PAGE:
Traditional Irish Potato Soup is as simple to make as it is delicious and nutritious! This creamy soup is perfect for a St. Patrick’s Day meal or any meal for that matter.
Even though potatoes are synonymous with Ireland, potatoes didn’t originate there. They made their way to Europe in the 1500s after Spanish conquistadors discovered them in the Andes Mountains. But potatoes, which are the world’s fourth-largest food crop, were an important staple for Irish working-class families and still are today.
Potatoes are an excellent source of vitamin C, a good source of potassium and vitamin B6, fat, sodium, and are cholesterol free. Best of all, they are only 110 calories per serving. But when combined with celery, onions, and milk, Traditional Irish Potato Soup reigns supreme and is a powerhouse meal.
I’ve been making this potato soup for as long as I can remember and it has always been one of my “go-to” meals. It’s comfort food at its finest!
My mother made it often and would sometimes add sausage or other ingredients, but this simple recipe is my favorite way to prepare it. Now don’t get me wrong, I also love adding bacon, sour cream, cheese and chives to this basic recipe and making Twice Baked Potato Soup, but today is all about this simple family favorite – Traditional Irish Potato Soup.
How to make Traditional Irish Potato Soup!
The ingredients are potatoes, butter, onion, celery, chicken stock, milk, half and half (which is optional), garlic powder, kosher salt, ground black pepper and optional, chopped fresh parsley for garnish.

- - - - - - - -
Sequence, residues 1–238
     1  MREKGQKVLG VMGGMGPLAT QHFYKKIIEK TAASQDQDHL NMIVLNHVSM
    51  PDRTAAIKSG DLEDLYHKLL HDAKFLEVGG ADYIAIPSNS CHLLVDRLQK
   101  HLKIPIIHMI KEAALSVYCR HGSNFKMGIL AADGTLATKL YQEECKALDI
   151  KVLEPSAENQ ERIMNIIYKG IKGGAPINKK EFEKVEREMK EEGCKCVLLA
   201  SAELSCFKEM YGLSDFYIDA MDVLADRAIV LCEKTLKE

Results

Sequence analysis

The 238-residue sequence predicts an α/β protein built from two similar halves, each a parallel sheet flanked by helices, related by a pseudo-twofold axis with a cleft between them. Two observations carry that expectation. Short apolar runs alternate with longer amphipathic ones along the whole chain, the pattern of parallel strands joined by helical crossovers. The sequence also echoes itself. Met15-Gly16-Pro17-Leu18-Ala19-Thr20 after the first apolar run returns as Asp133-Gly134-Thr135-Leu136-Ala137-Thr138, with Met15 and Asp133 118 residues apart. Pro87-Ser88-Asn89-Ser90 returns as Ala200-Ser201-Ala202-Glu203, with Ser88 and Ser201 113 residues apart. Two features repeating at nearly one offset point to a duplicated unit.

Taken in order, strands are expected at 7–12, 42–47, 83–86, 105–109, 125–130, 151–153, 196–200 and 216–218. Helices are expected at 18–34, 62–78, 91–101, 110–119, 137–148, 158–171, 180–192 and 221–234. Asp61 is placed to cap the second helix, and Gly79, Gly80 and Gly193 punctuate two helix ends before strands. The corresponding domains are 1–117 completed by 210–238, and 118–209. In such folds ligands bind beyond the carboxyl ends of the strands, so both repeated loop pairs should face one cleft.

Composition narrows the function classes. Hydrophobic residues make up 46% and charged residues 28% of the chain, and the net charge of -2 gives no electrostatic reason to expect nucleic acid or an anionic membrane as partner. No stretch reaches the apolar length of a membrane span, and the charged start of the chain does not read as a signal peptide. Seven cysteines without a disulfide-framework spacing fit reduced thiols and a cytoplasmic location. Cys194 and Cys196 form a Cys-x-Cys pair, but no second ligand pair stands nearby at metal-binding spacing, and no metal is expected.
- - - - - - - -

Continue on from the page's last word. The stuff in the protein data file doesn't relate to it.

To make Traditional Irish Potato Soup, melt the butter in a Dutch oven or large pot over medium heat. Add the celery and onions and sauté for about 5-6 minutes until they are tender.
Add the potatoes, garlic powder, kosher salt and pepper, and chicken stock. If your chicken stock is reduced salt you may need a little more salt; if it is regular chicken stock, you might not need any salt. Season to your family’s taste. Bring to a boil and reduce the heat to low. Simmer for 20-25 minutes or until the potatoes are completely done. They should break apart easily when you pierce them with a fork and you should be able to easily mash them against the side of the pan.
Use an immersion blender and blend until the potato mixture is smooth and creamy. If you do not have an immersion blender, you can blend them in a food processor or blender, but you will have to do this in batches. Be extremely careful with the hot mixture. If all else fails, use a potato masher.
When the mixture is smooth and creamy add two cups of whole milk or 1-1/2 cup of milk and 1/2 cup of half and half. Taste and add additional salt and pepper if needed.